BRS and AIADMK: Lok Sabha polls wash out two regional parties with hoary past; how did it happen?

AIADMK shaped the destiny of Tamil Nadu under MGR and then under his successor and former CM Jayalalithaa from 1989 to 2016.

ByRaj Rayasam

Published Jun 06, 2024 | 6:00 PMUpdatedJun 06, 2024 | 10:29 PM

Lok Sabha elections for BRS and AIADMK

BRS and AIADMK – two regional parties that strode the political firmament in Telangana and Tamil Nadu respectively like a colossus – are now standing small and tonally washed out, with no representation in the Lok Sabha.

The two parties faced an ignominious defeat in the elections likes of which they had never seen before.

The BRS, which was borne out of the Telangana movement and represented its soul, came a cropper in the Lok Sabha polls.

It not only lost the election but forfeited security deposits in eight seats. It could emerge as runners-up only in two Lok Sabha constituencies – Medak and Mahabubabad.

Related: Lok Sabha polls in Tamil Nadu: As INDIA bloc registers 100% strike rate, a look at how alliances fared

Tracing BRS since its formation

The BRS, since its formation in 2001, had never drawn a blank in any Lok Sabah election till now. In 2004, it won 5 seats and won 11 and nine seats in 2014 and 2019 respectively.

After the formation of Telangana state in 2014, the party had no looking back. It won the 2014 election, riding on the crest of the popularity wave in the wake of attaining success in forcing the centre to cede Telangana state, and again in 2018 (the BRS went for early elections) when it came to power for the sconed time on the trot.

BRS supremo K Chandrashekar Rao became the unquestioned leader and ruled the state and kept the party under a tight leash, giving no scope even for a murmur or a whisper of dissidence.

As the BRS image began improving, KCR even looked beyond the borders of Telangana and began entertaining the first stirrings of hope that he could even become the Prime Minister if he played his cards well. But unknowingly, he tempted the providence too much, making forays into the neighbouring states.

He changed the name of the party to BRS from TRS to impart a national appeal. However, he did not realize that the substratum on which he was standing was shaking as Assembly elections began approaching in 2023.

The slide of his fortunes that began in the Assembly polls, which catapulted the Congress to power, continued in the Lok Sabha elections in 2024 with the party losing in all 17 Lok Sabah seats in the state. Party working president KT Rama Rao, commenting on the party’s disaster, said it pained him but that he had confidence that it would rise from ashes like Phoenix. But it is a long way to go.

Related: Jaya Jayahe Telangana: Chequered existence, unsettled status

What went wrong for AIADMK

In Tamil Nadu, the AIADMK was a major force since its formation by matinee idol MG Ramachandran on 17 October 1972. Initially called the ADMK, the party wielded influence in the state as well as in the Union Territory of Puducherry for several decades.

MGR founded the party after being expelled from DMK by former Chief Minister Karunanidhi. Since then much water has flowed in Kaveri.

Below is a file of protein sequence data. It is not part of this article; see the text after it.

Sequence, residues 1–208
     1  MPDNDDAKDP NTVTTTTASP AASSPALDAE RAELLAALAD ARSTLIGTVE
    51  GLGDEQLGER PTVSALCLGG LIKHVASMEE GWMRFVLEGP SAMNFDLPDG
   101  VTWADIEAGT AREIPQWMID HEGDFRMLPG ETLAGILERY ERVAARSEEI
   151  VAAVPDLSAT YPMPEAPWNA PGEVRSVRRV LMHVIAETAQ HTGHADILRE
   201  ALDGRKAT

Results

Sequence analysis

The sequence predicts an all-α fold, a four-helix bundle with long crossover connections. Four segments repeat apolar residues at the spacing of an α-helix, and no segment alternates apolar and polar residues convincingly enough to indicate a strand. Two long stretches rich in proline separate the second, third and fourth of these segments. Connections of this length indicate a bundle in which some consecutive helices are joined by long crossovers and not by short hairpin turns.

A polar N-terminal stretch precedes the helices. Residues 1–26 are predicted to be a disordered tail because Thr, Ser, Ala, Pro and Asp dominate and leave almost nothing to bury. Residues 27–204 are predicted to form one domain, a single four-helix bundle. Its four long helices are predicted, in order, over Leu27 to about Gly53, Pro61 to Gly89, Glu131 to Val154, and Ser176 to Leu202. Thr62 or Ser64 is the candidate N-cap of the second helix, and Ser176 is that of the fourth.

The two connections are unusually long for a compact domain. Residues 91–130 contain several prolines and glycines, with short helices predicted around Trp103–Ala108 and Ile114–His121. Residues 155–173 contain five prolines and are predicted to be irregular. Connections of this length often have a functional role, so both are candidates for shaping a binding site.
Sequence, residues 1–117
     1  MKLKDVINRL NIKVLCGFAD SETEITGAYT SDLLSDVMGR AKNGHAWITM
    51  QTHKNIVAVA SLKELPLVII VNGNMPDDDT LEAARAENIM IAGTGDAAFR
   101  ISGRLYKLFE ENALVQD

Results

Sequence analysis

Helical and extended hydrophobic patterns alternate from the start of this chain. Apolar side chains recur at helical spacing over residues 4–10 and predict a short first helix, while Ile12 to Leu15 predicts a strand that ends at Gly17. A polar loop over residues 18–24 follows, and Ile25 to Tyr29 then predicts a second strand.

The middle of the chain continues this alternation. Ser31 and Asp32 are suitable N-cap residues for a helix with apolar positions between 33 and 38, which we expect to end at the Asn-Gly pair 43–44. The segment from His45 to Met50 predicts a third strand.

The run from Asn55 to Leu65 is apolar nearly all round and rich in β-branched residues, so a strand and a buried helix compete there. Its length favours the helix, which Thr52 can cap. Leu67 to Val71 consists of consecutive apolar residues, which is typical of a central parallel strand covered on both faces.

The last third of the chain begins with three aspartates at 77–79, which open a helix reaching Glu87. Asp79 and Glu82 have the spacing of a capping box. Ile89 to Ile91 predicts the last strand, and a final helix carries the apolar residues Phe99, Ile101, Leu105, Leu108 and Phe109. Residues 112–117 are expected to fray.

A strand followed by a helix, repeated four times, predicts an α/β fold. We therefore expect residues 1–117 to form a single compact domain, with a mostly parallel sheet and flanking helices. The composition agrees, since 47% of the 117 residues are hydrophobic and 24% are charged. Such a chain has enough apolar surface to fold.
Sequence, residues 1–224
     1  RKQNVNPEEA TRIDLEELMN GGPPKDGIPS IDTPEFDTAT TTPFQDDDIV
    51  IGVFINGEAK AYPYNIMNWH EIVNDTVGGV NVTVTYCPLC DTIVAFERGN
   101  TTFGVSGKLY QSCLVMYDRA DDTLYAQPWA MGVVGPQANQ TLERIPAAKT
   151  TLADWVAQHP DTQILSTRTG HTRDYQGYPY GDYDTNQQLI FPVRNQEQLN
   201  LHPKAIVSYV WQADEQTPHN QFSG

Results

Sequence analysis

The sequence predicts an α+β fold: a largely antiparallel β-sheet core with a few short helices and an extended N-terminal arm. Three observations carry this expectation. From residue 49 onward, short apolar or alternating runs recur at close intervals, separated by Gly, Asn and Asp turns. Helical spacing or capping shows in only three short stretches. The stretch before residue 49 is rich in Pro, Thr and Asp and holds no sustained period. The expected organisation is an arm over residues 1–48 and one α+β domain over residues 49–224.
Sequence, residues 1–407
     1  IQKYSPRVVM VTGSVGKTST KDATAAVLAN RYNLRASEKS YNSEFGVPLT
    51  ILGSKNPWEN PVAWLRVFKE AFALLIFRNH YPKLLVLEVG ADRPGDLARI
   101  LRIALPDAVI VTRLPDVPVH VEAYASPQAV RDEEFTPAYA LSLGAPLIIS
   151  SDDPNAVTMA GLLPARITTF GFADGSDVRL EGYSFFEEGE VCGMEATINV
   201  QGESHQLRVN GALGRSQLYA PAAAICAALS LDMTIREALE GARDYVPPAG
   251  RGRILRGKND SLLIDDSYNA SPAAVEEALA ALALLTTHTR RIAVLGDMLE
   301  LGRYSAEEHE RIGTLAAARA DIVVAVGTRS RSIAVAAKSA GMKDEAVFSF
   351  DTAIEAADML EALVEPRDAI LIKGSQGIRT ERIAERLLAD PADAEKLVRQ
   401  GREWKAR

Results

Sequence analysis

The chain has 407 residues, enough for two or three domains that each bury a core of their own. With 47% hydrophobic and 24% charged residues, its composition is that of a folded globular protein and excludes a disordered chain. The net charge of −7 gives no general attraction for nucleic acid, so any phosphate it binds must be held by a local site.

The party, which had shaped the destiny of the state under MGR and then under his successor and former CM Jayalalithaa from 1989 to 2016, now stands at a crossroads, riven with factionalism.

The performance of the party in the 2024 Lok Sabha elections, led by former CM Edappadi K Palaniswamy, was a disaster. It could not win even a single seat. Except thrice – 1996, 2004 and now – the party was never without representation in the Lok Sabha.

The party wilted under the relentless pounding of the DMK-led Alliance in the 2024 elections. The result, the 18th Lok Sabha has no AIADMK member. It contested 32 of the 39 seats in the state while its poll partner Puthiya Tamilagam and Social Democratic Party of India contested for one each on the AIADMK symbol while DMDK contested five seats.

The total rout of the AIADMK in the Lok Sabha polls has cast a long shadow on the political future of its general secretary Palaniswamy as dissidence against his leadership is likely to increase.

In 2019, AIADMK managed to win Theni. AIADMK leader O. Panneerselvam’s son Ravindranath captured the seat. For the 2024 election, AIADMK severed its ties with the BJP and the PMK.

The party created a history of sorts in 2014, when it won 37 seats, the maximum, under former CM late J Jayalalithaa’s leadership. The second-highest tally was 18 in 1998 and 1977, under MGR’s leadership.

However, it has lost its lone seat Theni in the current Lok Sabha elections. The AIADMK secured more than 88.4 lakh votes in 34 constituencies. The only silver lining to other dismal shows of the party was that it had ended up as runners-up in 24 constituencies, kindling hopes that the party has not run its full course yet. The party activists believe that there is still some steam left to build on it by the time the next elections arrive.

The AIADMK workers feel that, under the exacting circumstance that it had fought the elections in 2024, the performance was not all that bad when compared to 2019. Though it had won one seat then – Theni – it was because the BJP and PMK were with the AIADMK.

Saner counsels are advocating the reunification of the two factions of the AIADMK, the other being led by Panneerselvam. How this amalgamation would work, no one knows, as Palaniswamy is not ready to let go of his post as general secretary of the party. If the two groups come together, it may help the party. But will the twain meet?

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